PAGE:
I Will Protect You: A True Story of Twins Who Survived Auschwitz by Eva Mozes Kor with Danica Davidson

I Will Protect You: A True Story of Twins who Survived Auschwitz

Eva Mozes Kor with Danica Davidson, Authors

Little Brown Books for Young Readers, Nonfiction, Apr. 5, 2022

Pages: 240

Suitable for Ages 8-12

Themes: Jews, Romania, Twins, Persecution, Holocaust, Auschwitz, Medical experimentation, Survivors, Biography

Book Jacket Synopsis:

The unforgettable true story of sisterhood and survival during the Holocaust.

Eva and her identical twin sister, Miriam, had a fairly happy childhood as part of the only Jewish family in their small Transylvania mountain village — until antisemitism reared its ugly head in their school. Then, in 1944, ten-year-old Eva and her family were deported to a ghetto for several weeks and then put on a cattle car for Auschwitz. At its gates, Eva and Miriam were separated from their parents and two other siblings, The twins were selected as subjects for Dr. Josef Mengele’s infamous medical experiments. Her family was sent to the gas chamber.

At Auschwitz, twins were considered the lucky ones because their lives were spared.. Eva became “A-7063” and Miriam “A-7064.” They were housed in rat-infested wooden barracks several miles from Auschwitz, allowed to wear their own clothing, and fed bread and a fake coffee daily. In return, they were  subjected to Mengele’s cruel medical experiments and fought daily to survive.

During the course of the war, Mengele would experiment on 3,000 twins. Only 160 would survive–including Eva and Miriam.

Writing with her friend Danica Davidson, Eva reveals how two young girls were able to survive the Nazi’s unimaginable cruelty of the Nazi regime. Eva eventually found healing through forgiveness. Written  specifically for young readers, I Will Protect You is an accessible and deeply moving memoir of survival, forgiveness, and hope.

What I like about I Will Protect You:

I Will Protect You is a powerful and inspiring story of survival, narrated by Eva Mozes Kor with author Danica Davidson. Kor gives readers a firsthand account of the twin experiments and their interaction with Dr. Mengele. However, they wrote Kor’s story with a younger audience in mind. It is presented with sensitivity and is age-appropriate.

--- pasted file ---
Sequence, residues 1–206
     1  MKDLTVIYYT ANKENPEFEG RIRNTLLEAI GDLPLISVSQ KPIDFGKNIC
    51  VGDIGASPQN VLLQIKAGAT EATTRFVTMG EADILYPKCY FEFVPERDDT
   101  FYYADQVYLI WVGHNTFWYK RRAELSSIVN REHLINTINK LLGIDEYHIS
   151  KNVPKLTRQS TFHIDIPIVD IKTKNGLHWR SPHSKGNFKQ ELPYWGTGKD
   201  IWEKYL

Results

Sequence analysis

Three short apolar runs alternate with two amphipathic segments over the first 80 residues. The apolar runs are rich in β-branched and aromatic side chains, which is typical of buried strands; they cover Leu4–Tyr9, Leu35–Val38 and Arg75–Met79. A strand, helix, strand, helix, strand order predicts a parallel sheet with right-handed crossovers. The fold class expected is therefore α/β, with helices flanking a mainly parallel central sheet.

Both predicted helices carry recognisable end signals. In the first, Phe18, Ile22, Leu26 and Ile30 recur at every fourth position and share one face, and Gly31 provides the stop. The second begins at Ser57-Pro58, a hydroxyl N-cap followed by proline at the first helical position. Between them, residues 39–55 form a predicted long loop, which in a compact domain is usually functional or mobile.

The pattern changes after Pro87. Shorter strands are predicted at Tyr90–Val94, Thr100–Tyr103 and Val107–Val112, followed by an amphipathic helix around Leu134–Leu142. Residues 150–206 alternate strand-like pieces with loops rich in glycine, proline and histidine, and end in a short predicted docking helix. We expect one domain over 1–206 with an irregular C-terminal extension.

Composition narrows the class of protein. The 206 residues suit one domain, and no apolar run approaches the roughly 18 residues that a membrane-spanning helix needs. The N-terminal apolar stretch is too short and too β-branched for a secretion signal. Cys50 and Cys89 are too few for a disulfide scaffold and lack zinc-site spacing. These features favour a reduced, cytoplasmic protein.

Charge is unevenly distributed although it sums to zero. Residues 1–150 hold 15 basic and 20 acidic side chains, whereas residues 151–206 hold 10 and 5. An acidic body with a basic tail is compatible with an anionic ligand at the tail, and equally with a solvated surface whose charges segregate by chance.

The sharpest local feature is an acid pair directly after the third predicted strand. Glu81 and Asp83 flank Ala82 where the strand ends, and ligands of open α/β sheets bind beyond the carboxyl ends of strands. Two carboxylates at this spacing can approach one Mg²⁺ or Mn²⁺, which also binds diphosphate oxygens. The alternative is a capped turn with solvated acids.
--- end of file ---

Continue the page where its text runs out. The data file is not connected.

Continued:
I especially appreciated how Davidson set the stage of “hatred” at the start of the book. Hate begins with name-calling, exaggerated drawings, objects thrown at your home, neighbors spying on your activities and threats made against your family. People you thought were your friends, turn on you, don’t try to stop the retched name-calling and eventually become part of it. It all begins with HATE and it is a poignant lesson for all readers, especially during the times we live in. 

Eva’s mission throughout their ordeal was to protect Miriam. Eva was the strongest twin. She stood up for herself and was more outspoken and daring than Miriam, who was sweet and kind. She knew their survival depended upon her. Her instincts were good and she understood that the Nazis wanted to kill every single Jew. There was no time to feel sorry for herself, so she remained alert and depended upon luck. One ray of hope was the occasional nightly visits from her mama’s friend — a mother of twins — who was allowed to live at the camp. Mrs. Csengeri brought extra food, warm hats and clothing.

Eva became very sick from the injections she received and realized that Miriam was the “control” subject. Her strength of character and strong will kicked in and she was determined to survive for Miriam’s sake. She hid her illness because she was determined not to succumb to the experimentation. Her luck ran out when a nurse saw her swollen legs. She was taken to the Hospital Barracks to die. Her efforts to live were extraordinary. And she wouldn’t die and give Dr. Mengele that satisfaction. 

No matter what Eva lived through, readers won’t see hatred and bitterness. Yes she was angry, as would be expected. But she was focused on surviving the camp until it was liberated by the Soviets on Jan. 27, 1945, just shy of their 11th birthdays. What Eva experienced and saw was unspeakable, yet she was able to create a meaningful life for herself  in later years. She found healing through forgiveness.

I  spoke with Danica Davidson about her writing relationship with Eva Mozes Kor. Here’s what she had to say

Yes I worked very closely with Eva. I met her in the fall of 2018 when she gave a speech at a college about an hour from me. I introduced myself to her afterward, hoping I could interview her somewhere (as I am both author and journalist) and I mentioned I wrote kid’s books. She got very excited an said she wanted to write a children’s book about her survival, because she felt we needed to teach kids Holocaust stories early. She believed waiting until age 12 or later, when the Holocaust is usually taught at school (if it’s taught at all) is too late because prejudices are already formed.